* CFIUS approval was final barrier for $15.1 bln deal
* No indication that conditions were imposed
* Shares rise in New York to near the $27.50 offer
By Roberta Rampton and Scott Haggett
WASHINGTON/CALGARY, Feb 12 U.S. regulators have
approved the $15.1 billion takeover of Canadian oil and gas
company Nexen Inc by China's state-owned CNOOC Ltd
, removing the final obstacle to the Asian country's
largest-ever foreign takeover.
The deal to buy Calgary, Alberta-based Nexen had already
passed regulatory muster in Canada and Europe. But approval from
the Committee on Foreign Investment in the United States (CFIUS)
was also needed because Nexen has U.S. interests.
Nexen said on Tuesday that CFIUS had given the green light
and that it expects the deal to close the week of Feb. 25, seven
months after China's top offshore oil and gas producer made its
bid of $27.50 a share.
The Nexen statement did not indicate whether CFIUS had
imposed conditions on the approval, and company officials were
not available for comment.
Nexen's shares climbed 2 percent to just below the offer
price on Tuesday, closing at $27.43, their highest level since
CNOOC made its bid for Nexen on July 23 last year.
The U.S. approval came even though widespread distrust of
U.S. investments by Chinese companies has lingered since CNOOC's
2005 attempt to buy Unocal Corp for $18.5 billion, a deal that
foundered on U.S. national security concerns.
Late last month, CFIUS cleared a bid by the U.S. unit of
China's Wanxiang Group to buy bankrupt A123 Systems Inc
, a maker of electric car batteries, although some
lawmakers warned the deal would lead to the transfer of
sensitive technology developed with U.S. government funding.
CNOOC's success in navigating the CFIUS approval process "is
likely to be viewed as a positive development," said Joshua
Zive, senior counsel at Bracewell & Guiliani, a Washington law
and lobbying firm. "That, in the current climate, is a moment of
But a U.S. legislator said he planned to introduce
legislation to block any future transactions that, like the
Nexen deal, involve the transfer of royalty-free leases.
"Chinese government-owned oil corporations should not be
allowed to drill for American oil in the Gulf of Mexico without
paying a dime in royalties to U.S. taxpayers," said
Representative Edward Markey, the ranking Democrat of the House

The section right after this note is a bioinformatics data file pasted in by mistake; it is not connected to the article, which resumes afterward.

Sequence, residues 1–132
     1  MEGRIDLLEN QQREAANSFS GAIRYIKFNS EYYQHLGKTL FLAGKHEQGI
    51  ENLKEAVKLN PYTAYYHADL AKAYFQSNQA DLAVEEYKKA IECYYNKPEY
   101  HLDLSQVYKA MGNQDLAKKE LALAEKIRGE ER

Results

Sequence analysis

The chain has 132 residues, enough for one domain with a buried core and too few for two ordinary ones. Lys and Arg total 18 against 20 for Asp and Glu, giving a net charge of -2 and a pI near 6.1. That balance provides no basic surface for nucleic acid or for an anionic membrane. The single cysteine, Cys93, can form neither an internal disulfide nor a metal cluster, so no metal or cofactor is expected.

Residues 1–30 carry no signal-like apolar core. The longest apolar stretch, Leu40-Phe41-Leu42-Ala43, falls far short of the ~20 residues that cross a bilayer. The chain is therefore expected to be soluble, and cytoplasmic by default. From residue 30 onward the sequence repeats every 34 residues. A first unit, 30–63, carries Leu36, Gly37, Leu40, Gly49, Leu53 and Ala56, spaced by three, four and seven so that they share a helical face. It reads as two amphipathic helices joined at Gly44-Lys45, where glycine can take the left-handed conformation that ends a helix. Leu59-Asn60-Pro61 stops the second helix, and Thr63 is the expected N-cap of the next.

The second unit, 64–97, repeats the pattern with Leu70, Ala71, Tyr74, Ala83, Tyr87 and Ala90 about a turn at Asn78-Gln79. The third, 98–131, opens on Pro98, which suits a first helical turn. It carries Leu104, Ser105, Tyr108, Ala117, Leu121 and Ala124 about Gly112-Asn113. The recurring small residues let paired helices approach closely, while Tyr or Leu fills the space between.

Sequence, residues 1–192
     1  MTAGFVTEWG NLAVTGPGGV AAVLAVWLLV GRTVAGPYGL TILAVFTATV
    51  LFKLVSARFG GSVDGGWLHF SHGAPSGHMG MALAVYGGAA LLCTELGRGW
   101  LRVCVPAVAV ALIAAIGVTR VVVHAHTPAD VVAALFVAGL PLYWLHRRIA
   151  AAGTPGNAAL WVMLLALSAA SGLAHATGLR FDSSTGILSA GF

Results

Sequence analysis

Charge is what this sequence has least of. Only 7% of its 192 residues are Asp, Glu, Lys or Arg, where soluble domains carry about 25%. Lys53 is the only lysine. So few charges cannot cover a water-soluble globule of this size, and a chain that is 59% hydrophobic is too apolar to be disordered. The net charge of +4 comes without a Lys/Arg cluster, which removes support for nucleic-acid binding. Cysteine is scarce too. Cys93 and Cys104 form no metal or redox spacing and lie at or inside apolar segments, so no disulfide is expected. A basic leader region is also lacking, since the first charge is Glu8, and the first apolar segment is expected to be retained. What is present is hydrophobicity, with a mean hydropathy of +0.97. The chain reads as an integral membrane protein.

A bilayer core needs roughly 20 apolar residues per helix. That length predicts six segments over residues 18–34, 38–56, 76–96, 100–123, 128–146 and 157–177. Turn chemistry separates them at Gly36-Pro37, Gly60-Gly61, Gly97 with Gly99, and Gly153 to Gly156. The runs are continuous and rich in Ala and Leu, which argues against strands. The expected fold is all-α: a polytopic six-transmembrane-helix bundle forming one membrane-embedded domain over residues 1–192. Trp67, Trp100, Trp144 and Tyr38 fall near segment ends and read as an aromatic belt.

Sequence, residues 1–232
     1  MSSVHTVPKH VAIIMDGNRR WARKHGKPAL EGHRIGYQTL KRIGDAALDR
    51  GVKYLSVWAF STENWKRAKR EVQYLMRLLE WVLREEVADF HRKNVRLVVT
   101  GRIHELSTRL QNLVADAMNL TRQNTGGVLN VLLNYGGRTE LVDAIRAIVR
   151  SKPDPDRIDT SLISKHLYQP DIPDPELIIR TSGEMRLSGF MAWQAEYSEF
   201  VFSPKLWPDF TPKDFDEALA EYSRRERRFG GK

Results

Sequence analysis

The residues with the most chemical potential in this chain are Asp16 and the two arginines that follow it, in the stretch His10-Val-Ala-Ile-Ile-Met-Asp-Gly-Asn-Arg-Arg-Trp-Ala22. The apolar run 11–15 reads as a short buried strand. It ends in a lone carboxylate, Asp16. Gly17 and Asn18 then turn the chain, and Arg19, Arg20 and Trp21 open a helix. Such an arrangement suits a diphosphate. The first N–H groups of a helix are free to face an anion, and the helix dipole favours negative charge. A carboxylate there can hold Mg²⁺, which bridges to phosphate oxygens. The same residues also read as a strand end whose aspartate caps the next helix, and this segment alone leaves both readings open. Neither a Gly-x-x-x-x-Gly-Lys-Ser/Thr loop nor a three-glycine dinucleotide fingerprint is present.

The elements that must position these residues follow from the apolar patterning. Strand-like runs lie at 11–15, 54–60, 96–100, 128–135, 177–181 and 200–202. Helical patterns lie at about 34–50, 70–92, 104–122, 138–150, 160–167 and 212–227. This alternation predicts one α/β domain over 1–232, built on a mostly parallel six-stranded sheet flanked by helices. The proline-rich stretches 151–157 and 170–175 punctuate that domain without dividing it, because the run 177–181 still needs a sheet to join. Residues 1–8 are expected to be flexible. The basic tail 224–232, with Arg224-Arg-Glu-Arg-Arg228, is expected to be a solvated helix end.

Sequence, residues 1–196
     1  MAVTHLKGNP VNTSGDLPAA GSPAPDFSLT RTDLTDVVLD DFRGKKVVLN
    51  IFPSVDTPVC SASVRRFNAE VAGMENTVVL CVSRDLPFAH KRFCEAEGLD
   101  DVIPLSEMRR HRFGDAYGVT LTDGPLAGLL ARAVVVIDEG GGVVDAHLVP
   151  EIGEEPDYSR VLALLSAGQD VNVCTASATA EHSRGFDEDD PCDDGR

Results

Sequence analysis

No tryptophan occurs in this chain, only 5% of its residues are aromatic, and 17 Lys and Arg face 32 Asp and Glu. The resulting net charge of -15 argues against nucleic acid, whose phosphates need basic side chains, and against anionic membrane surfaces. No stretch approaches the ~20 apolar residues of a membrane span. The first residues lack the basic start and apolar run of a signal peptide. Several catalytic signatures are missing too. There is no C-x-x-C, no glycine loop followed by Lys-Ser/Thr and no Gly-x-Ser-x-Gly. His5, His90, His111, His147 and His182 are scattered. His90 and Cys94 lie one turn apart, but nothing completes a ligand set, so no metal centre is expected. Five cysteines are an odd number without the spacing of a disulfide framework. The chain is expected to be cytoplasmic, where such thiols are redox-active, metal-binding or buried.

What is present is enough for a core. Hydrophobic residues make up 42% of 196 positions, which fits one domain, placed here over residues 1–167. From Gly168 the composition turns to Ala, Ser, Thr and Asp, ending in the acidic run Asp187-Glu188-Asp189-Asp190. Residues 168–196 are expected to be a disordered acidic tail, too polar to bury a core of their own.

Natural Resources Committee.
Senator John Hoeven, a Republican from North Dakota, said
the CFIUS approval did not surprise him. But he was disappointed
the Obama administration has not moved to secure Canadian oil
supplies by approving TransCanada Corp's Keystone XL
"It shows that time doesn't stand still," he said in an
interview, noting that Canadian oil resources will go to other
parts of the world if the United States keeps dragging its heels
on pipelines. "We've got to move on projects like Keystone."
The Canadian government declined to comment on the U.S.
approval. "That's a U.S. decision," Energy Minister Joe Oliver
told reporters. "That company will, I'm sure, conduct themselves
as good corporate citizens in Canada."
OIL SANDS RESERVES
The Nexen acquisition gives CNOOC new offshore production in
the North Sea, the Gulf of Mexico and off western Africa, as
well as producing properties in the Middle East and Canada.
In Canada, CNOOC gains control of Nexen's Long Lake oil
sands project in the oil-rich province of Alberta, as well as
billions of barrels of reserves in the world's third-largest
Canada approved the takeover late last year even though some
members of the governing Conservative Party had misgivings about
China's human rights record.
But the federal government also insisted that CNOOC-Nexen
was the last deal of its kind that it would approve, drawing a
line in the sand against state-controlled companies taking
majority stakes in Alberta's strategic oil sands.
U.S. approvals took longer as legislators examined whether
the deal would threaten U.S. national security.
The United States has traditionally been more wary than
Canada of Chinese investment, prompting some speculation that
Washington might want Nexen to dispose of the U.S. assets.
Nexen released the news on a day when Washington was focused
on President Barack Obama's State of the Union address, a
nuclear test by North Korea, and deliberations in the Senate
Armed Service Committee about a vote on Obama's pick for
Secretary of Defense. In China, lunar New Year celebrations were
in full swing.